Projections: Orthographic

Orthographic projection (or orthogonal projection) is a means of representing a three-dimensional object in two dimensions. In technical drawing, a multiview orthographic projection is an illustration technique in which up to six pictures of an object are produced, with each projection plane parallel to one of the coordinate axes of the object. We use these kind of projection in our iCon collection of illustrations.

The views are positioned relative to each other according to either of two schemes: first-angle or third-angle projection. In each, the appearances of views may be thought of as being projected onto planes that form a 6-sided box around the object.

Consider an object enclosed in an imaginary glass box, positioned such that the panes of glass are parallel to the major surfaces of the object and at 90 degrees to each other.

If one “projects” lines from the corners of the object (with each line at 90 degrees to a surface of the glass), until these lines intersect the glass, one can lay out 6 “views,” each of which represents the object as it is “seen” by the various panes of glass.

Having projected the respective “views” of each face of the object onto the glass surfaces, we can “unfold” the glass box until all the “views” are laid out in the same plane as the “Front” view, giving the figure shown below. Notice that each view can “see” (and show) only one aspect of the object, and that all the views are aligned to one another, because of the “unfolding” of the imaginary box.

This process uses principles of orthographic (“true drawing”) projection. It also works in reverse: if you correctly draw the individual views onto the pieces of glass, fold them all up into a box with 90 degree corners, then project points from each drawing into the middle of the box, the resulting intersections will define the 3 dimensional object.

The advantage of this process is that it’s possible to apply a uniform system of co-ordinates (a “measurement grid”) to the pictures created in each view, and it’s possible to apply proportion ratios to these drawings – to “scale” them. It isn’t usually practical to make a drawing “actual size” – most objects are larger than most pieces of paper.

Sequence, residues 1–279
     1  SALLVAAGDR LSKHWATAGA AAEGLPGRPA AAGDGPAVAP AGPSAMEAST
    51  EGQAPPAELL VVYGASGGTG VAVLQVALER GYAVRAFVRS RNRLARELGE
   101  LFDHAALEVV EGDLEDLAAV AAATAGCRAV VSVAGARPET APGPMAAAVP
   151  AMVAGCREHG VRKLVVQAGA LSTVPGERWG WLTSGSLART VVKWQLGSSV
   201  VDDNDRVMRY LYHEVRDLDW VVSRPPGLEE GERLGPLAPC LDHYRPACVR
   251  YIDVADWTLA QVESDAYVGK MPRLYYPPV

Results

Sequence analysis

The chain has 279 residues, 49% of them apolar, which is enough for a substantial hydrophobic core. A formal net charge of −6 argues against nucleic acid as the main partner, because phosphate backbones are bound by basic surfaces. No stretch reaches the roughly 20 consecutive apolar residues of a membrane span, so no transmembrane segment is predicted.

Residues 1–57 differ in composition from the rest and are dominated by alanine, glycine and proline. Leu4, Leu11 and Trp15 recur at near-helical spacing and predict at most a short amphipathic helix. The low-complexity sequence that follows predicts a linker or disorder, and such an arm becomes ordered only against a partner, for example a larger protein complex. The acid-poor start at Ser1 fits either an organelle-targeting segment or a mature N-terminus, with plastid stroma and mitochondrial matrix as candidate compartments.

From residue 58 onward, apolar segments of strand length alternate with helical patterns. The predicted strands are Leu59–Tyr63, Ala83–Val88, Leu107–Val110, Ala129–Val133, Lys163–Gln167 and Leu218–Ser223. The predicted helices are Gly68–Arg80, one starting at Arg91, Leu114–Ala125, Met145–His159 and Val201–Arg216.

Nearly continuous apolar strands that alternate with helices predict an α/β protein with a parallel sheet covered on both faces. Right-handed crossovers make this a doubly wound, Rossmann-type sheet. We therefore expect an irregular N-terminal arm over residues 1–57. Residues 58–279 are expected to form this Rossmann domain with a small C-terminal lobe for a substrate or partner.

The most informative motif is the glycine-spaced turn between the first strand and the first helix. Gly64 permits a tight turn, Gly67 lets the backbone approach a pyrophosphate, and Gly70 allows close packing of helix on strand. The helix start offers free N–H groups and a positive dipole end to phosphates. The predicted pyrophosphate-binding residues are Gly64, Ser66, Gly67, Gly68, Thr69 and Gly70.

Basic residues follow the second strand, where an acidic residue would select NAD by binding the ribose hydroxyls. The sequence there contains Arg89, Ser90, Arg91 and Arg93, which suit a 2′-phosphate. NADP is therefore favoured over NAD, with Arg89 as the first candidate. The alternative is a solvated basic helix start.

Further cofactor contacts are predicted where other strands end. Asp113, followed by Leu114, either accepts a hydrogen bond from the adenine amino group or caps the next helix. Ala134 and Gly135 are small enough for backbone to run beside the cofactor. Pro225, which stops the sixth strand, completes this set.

Views offereed from illustraStock:
We offererd that views in Low details (more iconic style) and Hight detail (more illustration style). Check our icon style guide.

Views offereed from illustraStock:

We offererd that views in Low details (more iconic style) and Hight detail (more illustration style). Check our icon style guide.

Front View

Is the one that shows the most features or characteristics. All other views are based on the orientation chosen for the front view. Also, all other views, except the rear view, are formed by rotating the lines of sight 90 degrees in an appropriate direction from the front view.

Other views not offered from illustraStock:

Right Side View

 

Shows what becomes the right side of the object once the position of the front view is established.

Back View

Shows what becomes the rear of the object once the front view is established. The rear view is at 90 degrees to the left side view and is a mirror image of the front view, except that hidden lines may be different.

Left Side View

Shows what becomes the left side of the object once the position of the front view is established. The left side view is a mirror image of the right side view, except that hidden lines may be different.

Top View

Shows what becomes the top of the object once the position of the front view is established

Bottom View

Shows what becomes the bottom of the object once the front view is established. The bottom view is a mirror image of the top view, except that hidden lines may be different.

 

Source: Orthographic Projection